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MacBook vs Ultrabook - A Comparison by PC Supporter

Lets Compare MacBook and Ultrabooks in a slightly different angle. The source is once again PC Magazine and we just present an overall review about all features.

Although Apple's paper thin laptop has quite a bit in common with Intel Ultrabooks, in a few ways we describe below they are significantly different.
Source: PC Magazine


You can't ignore the Apple aesthetic the company's computers always look terrific, and the chic shape and sly silver coloring of the MacBook Air make it among the sharpest of all. Outward attractiveness is not an official part of Intel's ultrabook plan, so you may find something sparkling or something ordinary; it all depends on what choices the manufacturer makes.


Everything that goes into a MacBook Air or pretty much any other Apple computer, for that matter must meet Apple's strict requirements and interface properly with the OS X operating system, so every time you pick up an Apple computer you know what you're going to get. Many ultrabook manufacturers, on the other hand, want to keep costs down, and therefore exert less control over the hardware they include. This doesn't mean it will be inferior to what Apple uses, but it does mean that with ultrabooks, as with most other PCs, performance and compatibility characteristics are not as easy to predict. If you can, try before you buy to make sure the touchpad, keyboard, and general responsiveness are what you're looking for.


The screen on the 11 inch MacBook Air maxes out at a resolution of 1,366 by 768, and the 13.3 inches display at 1,440 by 900. Those are decent specs, and the displays look good, but forget about watching full 1080p video on them, 720p is all they can handle. Most ultrabooks have screen resolutions similar to Apple's, but some out there are capable of displaying full 1080p (1,920 by 1,080) video.
All of Apple's MacBook Airs are loaded with from 64GB to 512GB of flash storage, making for incredible data access speeds; traditional spinning hard drives are not even an option on the Apple machines. Ultrabooks, however, can come with either, thus requiring the user to choose between storage that's plentiful, inexpensive, and slow, or limited, pricey, and very fast.


Any seriously diminutive system is going to have an extremely restricted port selection. What has really defined the MacBook Air to this point has been its Thunderbolt port, which combines PCI Express and Displayport protocols for high speed connections to devices as diverse as hard drives and external monitors, and is about as small as ports get. Thunderbolt ports haven't appeared on PC based ultrabooks yet, but it's only a matter of time until this changes.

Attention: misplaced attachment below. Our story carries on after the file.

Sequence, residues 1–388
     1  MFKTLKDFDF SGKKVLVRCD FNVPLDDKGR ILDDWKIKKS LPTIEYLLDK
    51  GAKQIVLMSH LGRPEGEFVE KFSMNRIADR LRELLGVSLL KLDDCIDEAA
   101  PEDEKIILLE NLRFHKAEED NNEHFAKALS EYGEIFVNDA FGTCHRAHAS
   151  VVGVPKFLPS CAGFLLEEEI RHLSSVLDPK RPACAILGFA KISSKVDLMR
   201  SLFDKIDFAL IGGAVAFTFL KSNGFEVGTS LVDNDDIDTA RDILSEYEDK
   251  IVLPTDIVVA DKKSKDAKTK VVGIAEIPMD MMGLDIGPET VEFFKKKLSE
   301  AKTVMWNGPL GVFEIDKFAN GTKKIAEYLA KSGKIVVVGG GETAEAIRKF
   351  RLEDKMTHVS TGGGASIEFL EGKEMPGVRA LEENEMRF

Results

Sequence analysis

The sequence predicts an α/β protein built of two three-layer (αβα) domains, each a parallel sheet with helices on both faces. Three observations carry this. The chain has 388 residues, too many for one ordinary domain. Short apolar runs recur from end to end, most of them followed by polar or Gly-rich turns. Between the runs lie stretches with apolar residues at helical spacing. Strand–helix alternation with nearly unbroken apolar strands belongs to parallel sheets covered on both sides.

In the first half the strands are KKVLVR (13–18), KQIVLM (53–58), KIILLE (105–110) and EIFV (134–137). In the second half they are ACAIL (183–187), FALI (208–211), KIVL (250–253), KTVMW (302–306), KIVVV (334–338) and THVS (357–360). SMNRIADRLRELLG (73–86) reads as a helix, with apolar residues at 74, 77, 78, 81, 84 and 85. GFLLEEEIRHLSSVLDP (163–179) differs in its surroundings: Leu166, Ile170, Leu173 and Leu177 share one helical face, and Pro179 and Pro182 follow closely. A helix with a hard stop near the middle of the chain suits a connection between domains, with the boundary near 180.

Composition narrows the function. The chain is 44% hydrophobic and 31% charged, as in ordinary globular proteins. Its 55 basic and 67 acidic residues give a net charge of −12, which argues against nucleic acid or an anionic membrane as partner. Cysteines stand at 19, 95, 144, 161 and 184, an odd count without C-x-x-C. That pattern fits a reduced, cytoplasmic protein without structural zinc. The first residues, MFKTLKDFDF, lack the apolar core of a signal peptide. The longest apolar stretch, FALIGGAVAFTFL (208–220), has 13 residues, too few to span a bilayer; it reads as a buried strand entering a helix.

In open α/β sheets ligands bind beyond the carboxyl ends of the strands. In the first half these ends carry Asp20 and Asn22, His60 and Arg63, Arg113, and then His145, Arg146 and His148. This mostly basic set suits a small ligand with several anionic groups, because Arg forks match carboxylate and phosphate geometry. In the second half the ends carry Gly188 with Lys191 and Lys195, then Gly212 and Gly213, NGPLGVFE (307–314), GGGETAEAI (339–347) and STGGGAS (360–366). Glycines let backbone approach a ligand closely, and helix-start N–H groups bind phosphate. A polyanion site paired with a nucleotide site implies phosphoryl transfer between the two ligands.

As ultrabooks are scarcely more than a year old, it's tough at this point to see how they'll shake out long term. But despite some early stumbles and iffy sales numbers, the form is likely to hang on for a while maybe a long while. As computing devices grow smaller but users want larger amounts of power, they'll have to evolve to stay relevant. But because they're full, feature rich systems, they have more room to grow than is probably the case with even the best tablets and smartphones. Intel will undoubtedly face competition from other imitators, HP came out with an AMD based Sleekbook, for example but it will continue to dominate on the PC side for the time being.
Not that this means there's any chance the MacBook Air will go anywhere. One of Apple's defining (and most striking) products, it's still the first thing people think of when they think of ultrathin laptops and so far no Intel ultrabook has come close to changing that. The biggest threat to the MacBook Air is Apple itself; Can company devise something better to replace it? If not, expect it to continue receiving yearly updates that make it thinner, more powerful, and more exciting.
In any event, super thin laptops are here to stay, all that remains to be seen is where they go next. How much smaller and skinnier can they get? Time will tell, but with Intel and Apple leading the charge and squaring off against each other every step of the way consumers will only benefit by seeing computers that get ever more portable even as they get ever more powerful.

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